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In U-Boot, we implemented the networked console via the standard
"devices" mechanism, which means that you can switch between the
serial and network input/output devices by adjusting the 'stdin' and
'stdout' environment variables. To switch to the networked console,
set either of these variables to "nc". Input and output can be
switched independently.
We use an environment variable 'ncip' to set the IP address and the
port of the destination. The format is <ip_addr>:<port>. If <port> is
omitted, the value of 6666 is used. If the env var doesn't exist, the
broadcast address and port 6666 are used. If it is set to an IP
address of 0 (or then no messages are sent to the network.
For example, if your server IP is, you could use:
=> setenv nc 'setenv stdout nc;setenv stdin nc'
=> setenv ncip
=> saveenv
=> run nc
On the host side, please use this script to access the console:
tools/netconsole <ip> [port]
The script uses netcat to talk to the board over UDP. It requires you to
specify the target IP address (or host name, assuming DNS is working). The
script can be interrupted by pressing ^T (CTRL-T).
Be aware that in some distributives (Fedora Core 5 at least)
usage of nc has been changed and -l and -p options are considered
as mutually exclusive. If nc complains about options provided,
you can just remove the -p option from the script.
It turns out that 'netcat' cannot be used to listen to broadcast
packets. We developed our own tool 'ncb' (see tools directory) that
listens to broadcast packets on a given port and dumps them to the
standard output. use it as follows:
#! /bin/bash
[ $# = 1 ] || { echo "Usage: $0 target_ip" >&2 ; exit 1 ; }
stty icanon echo intr ^T
./ncb &
nc -u ${TARGET_IP} 6666
stty icanon echo intr ^C
kill 0
Again, this script takes exactly one argument, which is interpreted
as the target IP address (or host name, assuming DNS is working). The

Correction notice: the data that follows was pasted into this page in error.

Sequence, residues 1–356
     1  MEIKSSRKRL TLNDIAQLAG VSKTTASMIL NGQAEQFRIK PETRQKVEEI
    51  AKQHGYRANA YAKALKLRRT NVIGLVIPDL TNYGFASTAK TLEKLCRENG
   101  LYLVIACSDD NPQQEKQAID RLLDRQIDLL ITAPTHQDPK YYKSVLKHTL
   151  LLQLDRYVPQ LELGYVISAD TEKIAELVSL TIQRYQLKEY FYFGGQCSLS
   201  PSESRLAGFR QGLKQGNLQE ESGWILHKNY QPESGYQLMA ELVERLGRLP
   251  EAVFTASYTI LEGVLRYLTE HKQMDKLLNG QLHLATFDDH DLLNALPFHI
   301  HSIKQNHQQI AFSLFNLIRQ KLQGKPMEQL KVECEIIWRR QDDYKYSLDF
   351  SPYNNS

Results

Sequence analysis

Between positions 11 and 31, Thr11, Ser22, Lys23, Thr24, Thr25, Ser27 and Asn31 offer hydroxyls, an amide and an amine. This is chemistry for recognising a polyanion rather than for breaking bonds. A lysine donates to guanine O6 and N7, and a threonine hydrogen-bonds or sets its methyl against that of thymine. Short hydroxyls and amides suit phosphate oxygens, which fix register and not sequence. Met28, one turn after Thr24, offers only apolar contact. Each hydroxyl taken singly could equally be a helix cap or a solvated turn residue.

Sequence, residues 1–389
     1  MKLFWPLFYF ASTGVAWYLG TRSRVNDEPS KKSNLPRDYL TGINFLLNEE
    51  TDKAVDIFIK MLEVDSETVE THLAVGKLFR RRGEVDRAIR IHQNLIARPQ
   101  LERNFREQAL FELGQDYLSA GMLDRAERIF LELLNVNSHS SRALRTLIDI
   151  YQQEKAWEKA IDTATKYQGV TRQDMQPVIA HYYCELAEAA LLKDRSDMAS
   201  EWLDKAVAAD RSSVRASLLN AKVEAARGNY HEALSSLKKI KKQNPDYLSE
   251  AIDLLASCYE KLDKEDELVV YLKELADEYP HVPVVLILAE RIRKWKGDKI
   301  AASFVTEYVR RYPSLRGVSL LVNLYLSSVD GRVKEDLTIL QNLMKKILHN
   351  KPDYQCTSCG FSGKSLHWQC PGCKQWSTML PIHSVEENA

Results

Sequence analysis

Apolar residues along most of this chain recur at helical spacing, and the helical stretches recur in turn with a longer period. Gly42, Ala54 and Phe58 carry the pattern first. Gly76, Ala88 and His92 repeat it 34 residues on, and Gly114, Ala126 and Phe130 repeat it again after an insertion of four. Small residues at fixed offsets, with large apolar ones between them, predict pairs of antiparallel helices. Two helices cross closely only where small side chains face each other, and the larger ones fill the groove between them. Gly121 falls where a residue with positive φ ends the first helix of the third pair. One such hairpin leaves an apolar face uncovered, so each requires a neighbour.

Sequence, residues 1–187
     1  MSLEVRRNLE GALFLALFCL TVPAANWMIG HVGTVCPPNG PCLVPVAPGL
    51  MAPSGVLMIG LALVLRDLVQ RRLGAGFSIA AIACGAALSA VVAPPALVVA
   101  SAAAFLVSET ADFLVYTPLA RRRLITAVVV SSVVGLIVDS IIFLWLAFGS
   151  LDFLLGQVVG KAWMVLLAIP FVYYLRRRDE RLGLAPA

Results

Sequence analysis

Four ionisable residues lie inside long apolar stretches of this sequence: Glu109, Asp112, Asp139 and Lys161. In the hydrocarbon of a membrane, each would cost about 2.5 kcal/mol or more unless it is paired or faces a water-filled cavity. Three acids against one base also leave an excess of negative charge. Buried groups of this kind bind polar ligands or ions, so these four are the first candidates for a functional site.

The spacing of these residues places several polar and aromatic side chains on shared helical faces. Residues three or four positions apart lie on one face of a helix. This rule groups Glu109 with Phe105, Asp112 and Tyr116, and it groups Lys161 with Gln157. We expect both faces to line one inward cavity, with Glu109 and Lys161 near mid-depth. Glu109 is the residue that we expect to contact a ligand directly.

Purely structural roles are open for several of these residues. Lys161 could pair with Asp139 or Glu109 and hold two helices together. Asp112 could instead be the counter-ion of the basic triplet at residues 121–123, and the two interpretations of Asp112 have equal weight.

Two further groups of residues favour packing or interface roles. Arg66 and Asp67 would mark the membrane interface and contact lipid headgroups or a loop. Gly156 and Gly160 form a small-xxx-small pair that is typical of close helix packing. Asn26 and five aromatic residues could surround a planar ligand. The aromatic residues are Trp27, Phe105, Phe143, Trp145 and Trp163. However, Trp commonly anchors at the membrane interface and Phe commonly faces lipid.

script can be interrupted by pressing ^T (CTRL-T).
The 'ncb' tool can be found in the tools directory; it will be built
when compiling for a board which has CONFIG_NETCONSOLE defined.
For Linux, the network-based console needs special configuration.
Minimally, the host IP address needs to be specified. This can be
done either via the kernel command line, or by passing parameters
while loading the netconsole.o module (when used in a loadable module
configuration). Please refer to Documentation/networking/logging.txt
file for the original Ingo Molnar's documentation on how to pass
parameters to the loadable module.
The format of the kernel command line parameter (for the static
configuration) is as follows:
src-port source for UDP packets
(defaults to 6665)
src-ip source IP to use
(defaults to the interface's address)
dev network interface
(defaults to eth0)
tgt-port port for logging agent
(defaults to 6666)
tgt-ip IP address for logging agent
(this is the required parameter)
tgt-macaddr ethernet MAC address for logging agent
(defaults to broadcast)
Please note that for the Linux networked console to work, the
ethernet interface has to be up by the time the netconsole driver is
initialized. This means that in case of static kernel configuration,
the respective Ethernet interface has to be brought up using the "IP
Autoconfiguration" kernel feature, which is usually done by defaults
in the ELDK-NFS-based environment.
To browse the Linux network console output, use the 'netcat' tool invoked
as follows:
nc -u -l -p 6666
Note that unlike the U-Boot implementation the Linux netconsole is
unidirectional, i. e. you have console output only in Linux.